One of the benefits of self-publishing is that I can go back into my published book at any time and make it better. And, given my propensity to tweak, I have been doing that with LEAPFROG, the book that arose right here, nearly three years ago.
From among the many tweaks I’ve done these past few months, here are three excerpts from the original introduction that I loved, BUT simply no longer fit. Yes, I’m killing my darlings again.
I had expected to move this first one to the Conclusion. But, when I got there, I found there was no place to add the points contained without interruption. And, so, it falls into that category of so many of my early blog posts here and becomes a “Deleted Scene.”
My government, this unique American democracy, has long been an exciting experiment to me. Constantly striving to improve, her watchwords, until recently, have been progress and inclusion.
She has made many tragic mistakes over her nearly 250 years. The depravity of slavery, the genocide of our Native population, the blatant discrimination of each succeeding wave of immigrants, and the arrogance of interning Americans of Japanese descent during WWII are only the most well-known.
America’s history is filled with examples of the kind of “dehumanization” at the core of our current incivility.
And yet, we have grown from those mistakes. We’ve changed the laws and we’ve gotten stronger as waves of immigrants brought new blood and new ideas onto our land. This diversity is one of our greatest strengths as a country and, for many, defines who we are as Americans.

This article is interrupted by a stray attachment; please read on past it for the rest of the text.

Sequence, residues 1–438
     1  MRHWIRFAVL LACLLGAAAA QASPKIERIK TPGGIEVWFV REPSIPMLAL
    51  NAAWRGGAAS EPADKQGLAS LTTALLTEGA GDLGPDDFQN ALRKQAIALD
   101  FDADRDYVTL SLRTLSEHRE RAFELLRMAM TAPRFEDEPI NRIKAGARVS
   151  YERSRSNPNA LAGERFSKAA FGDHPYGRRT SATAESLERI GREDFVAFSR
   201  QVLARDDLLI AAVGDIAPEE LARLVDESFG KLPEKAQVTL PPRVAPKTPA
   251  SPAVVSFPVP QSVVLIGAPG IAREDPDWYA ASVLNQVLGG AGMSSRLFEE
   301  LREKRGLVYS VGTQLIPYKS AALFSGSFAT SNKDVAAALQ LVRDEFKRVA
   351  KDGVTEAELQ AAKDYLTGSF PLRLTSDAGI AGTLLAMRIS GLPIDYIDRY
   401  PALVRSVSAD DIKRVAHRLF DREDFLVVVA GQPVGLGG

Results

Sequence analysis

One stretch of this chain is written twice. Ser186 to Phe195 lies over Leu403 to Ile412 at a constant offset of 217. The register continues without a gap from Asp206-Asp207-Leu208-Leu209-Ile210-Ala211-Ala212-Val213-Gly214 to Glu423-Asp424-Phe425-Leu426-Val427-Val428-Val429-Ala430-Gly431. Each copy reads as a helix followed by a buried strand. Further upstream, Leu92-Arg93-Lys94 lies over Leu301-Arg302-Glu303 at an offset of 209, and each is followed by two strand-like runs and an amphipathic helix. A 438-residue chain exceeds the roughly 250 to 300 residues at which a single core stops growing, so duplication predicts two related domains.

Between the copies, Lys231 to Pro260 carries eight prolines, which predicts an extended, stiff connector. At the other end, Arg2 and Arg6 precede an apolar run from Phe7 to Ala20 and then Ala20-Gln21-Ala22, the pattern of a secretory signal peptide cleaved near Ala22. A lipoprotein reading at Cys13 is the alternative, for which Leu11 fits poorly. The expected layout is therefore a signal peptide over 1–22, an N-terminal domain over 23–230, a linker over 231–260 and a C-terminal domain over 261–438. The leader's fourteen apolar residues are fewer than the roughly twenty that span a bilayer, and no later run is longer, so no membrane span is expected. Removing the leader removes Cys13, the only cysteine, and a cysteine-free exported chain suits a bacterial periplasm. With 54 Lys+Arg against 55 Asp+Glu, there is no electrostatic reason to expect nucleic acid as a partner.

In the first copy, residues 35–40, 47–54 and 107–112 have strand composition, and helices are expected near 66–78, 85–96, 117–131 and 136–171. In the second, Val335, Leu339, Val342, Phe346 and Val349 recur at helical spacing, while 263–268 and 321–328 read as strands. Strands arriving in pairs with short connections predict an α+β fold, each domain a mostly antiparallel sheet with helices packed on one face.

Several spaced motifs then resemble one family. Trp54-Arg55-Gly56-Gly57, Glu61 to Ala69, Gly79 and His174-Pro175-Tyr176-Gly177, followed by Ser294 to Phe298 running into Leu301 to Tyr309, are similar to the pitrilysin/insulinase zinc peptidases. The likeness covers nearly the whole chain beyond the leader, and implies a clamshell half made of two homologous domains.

Some would say that is a liberal point of view and, wanting to be certain this booklet attracts all Americans, I turned to the cognitive linguist George Lakoff for guidance. Lakoff has written (in Moral Politics: How Liberals and Conservatives Think) of American voters as falling into two distinct metaphors of family structure: the strict, authoritarian parent (conservatives) and the nurturing parent (liberals).
According to Lakoff, discipline, obedience, and patriotism align strongly with conservative worldviews. As a result, the issues of military might, national security, and crime will be viewed differently by conservatives and liberals. Even “responsibility” gets divided, with conservatives advocating for personal responsibility and liberals, social responsibility.
Liberals push for multiculturalism and advocate for travel and new experiences (it was the Democratic presidency of John F. Kennedy that gave us the Peace Corps, for example), while conservative values of tradition, stability, and an affinity for the familiar have also woven themselves throughout our history and have helped to steady the ship of state during times of upheaval. Indeed, the mixture of conservative and liberal positions is yet one more example of the range of American diversity.
The following excerpt, though, I just cut. I am not a political science professor and needn’t try to behave as one.
In a pure monarchy, royalty rules. In a democracy, it’s the people, and merit is what counts. In an oligarchy, the wealthy decide based on how they might increase their wealth, while the rest of the citizenry are kept at bay by pitting the people against each other. Is that where we are today?